other medicines for diabetes
other medicines that are inhaled, especially those used for asthma like albuterol
Many medications may cause changes (increase or decrease) in blood sugar, these include:
alcohol containing beverages
angiotensin converting enzyme inhibitors (ACE inhibitors), often used for high blood pressure or heart problems (examples include captopril, enalapril, lisinopril)
antiretroviral protease inhibitors (examples include indinavir, ritonavir, saquinavir)
aspirin and aspirin-like drugs
beta-blockers, often used for high blood pressure or heart problems (examples include atenolol, metoprolol, propranolol)
certain medicines used for mental depression, emotional, or psychotic disturbances
female hormones, such as estrogens, progestins, or contraceptive pills
growth hormone (somatropin)
male hormones or anabolic steroids
medications to suppress appetite or for weight loss
medicines for allergies, asthma, cold, or cough
nicotine (including nicotine found in patches and gum)
quinolone antibiotics, medicines used for infections (examples include ciprofloxacin, levofloxacin, norfloxacin)
some herbal dietary supplements
steroid medicines such as prednisone or cortisone
sulfonamides, medicines for infection ( examples include Azulfidine®, Bactrim®, Gantrisin® Septra®)
water pills (diuretics)
Some medications can hide the warning symptoms of low blood sugar (hypoglycemia). You may need to monitor your blood sugar more closely if you are taking one of these medications. These include:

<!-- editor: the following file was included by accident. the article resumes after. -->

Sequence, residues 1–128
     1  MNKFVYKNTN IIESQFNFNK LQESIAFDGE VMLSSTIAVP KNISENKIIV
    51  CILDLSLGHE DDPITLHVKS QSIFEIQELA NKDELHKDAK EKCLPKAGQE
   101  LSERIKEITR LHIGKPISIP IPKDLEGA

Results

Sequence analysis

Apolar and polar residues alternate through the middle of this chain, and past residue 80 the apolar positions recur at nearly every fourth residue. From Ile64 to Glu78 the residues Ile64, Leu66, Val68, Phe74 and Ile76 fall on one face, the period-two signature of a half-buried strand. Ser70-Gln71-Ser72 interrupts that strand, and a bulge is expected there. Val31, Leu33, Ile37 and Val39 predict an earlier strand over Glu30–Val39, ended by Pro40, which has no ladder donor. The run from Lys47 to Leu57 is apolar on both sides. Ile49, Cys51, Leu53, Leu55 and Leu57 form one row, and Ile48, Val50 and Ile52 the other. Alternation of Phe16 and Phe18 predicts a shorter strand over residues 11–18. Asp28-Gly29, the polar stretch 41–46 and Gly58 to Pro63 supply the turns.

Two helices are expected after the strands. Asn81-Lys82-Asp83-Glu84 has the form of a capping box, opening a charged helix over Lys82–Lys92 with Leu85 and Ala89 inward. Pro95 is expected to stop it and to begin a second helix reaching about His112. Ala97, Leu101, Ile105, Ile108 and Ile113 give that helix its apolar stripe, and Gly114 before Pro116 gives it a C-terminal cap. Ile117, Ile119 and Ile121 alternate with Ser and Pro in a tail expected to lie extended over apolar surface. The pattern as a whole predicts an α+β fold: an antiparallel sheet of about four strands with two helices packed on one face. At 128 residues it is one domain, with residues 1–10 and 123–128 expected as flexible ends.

Tell your prescriber or health care professional about all other medicines you are taking, including non-prescription medicines, nutritional supplements, or herbal products. Also tell your prescriber or health care professional if you are a frequent user of drinks with caffeine or alcohol, if you smoke, or if you use illegal drugs. These may affect the way your medicine works. Check with your health care professional before stopping or starting any of your medicines.
Visit your health care professional or prescriber for regular checks on your progress. To control your diabetes properly you must use insulin regularly and follow a regular diet and exercise schedule. Diabetes cannot be cured. Careful, daily control of blood sugar can postpone or prevent many of the long-term complications of diabetes.
Treatment with inhaled insulin has caused small declines in lung function. Because of this effect, your doctor will monitor your lung function before and during treatment with Exubera®.
Dangerously high or low blood sugar can occur when meals and insulin are not spaced properly. Checking and recording your blood glucose and urine ketone levels regularly is important. Sometimes it is hard to tell the difference between low and high blood sugar (see side effects). Use a glucometer (blood glucose or sugar measuring device), whenever possible, before you treat high or low blood sugar.
Always carry a quick-source of sugar with you in case you have symptoms of low blood sugar (hypoglycemia). Examples include hard sugar candy or glucose tablets.
Do not switch brands or types of insulin without consulting your health care professional or prescriber. Switching insulin brand or type can cause dangerously high or low blood sugar.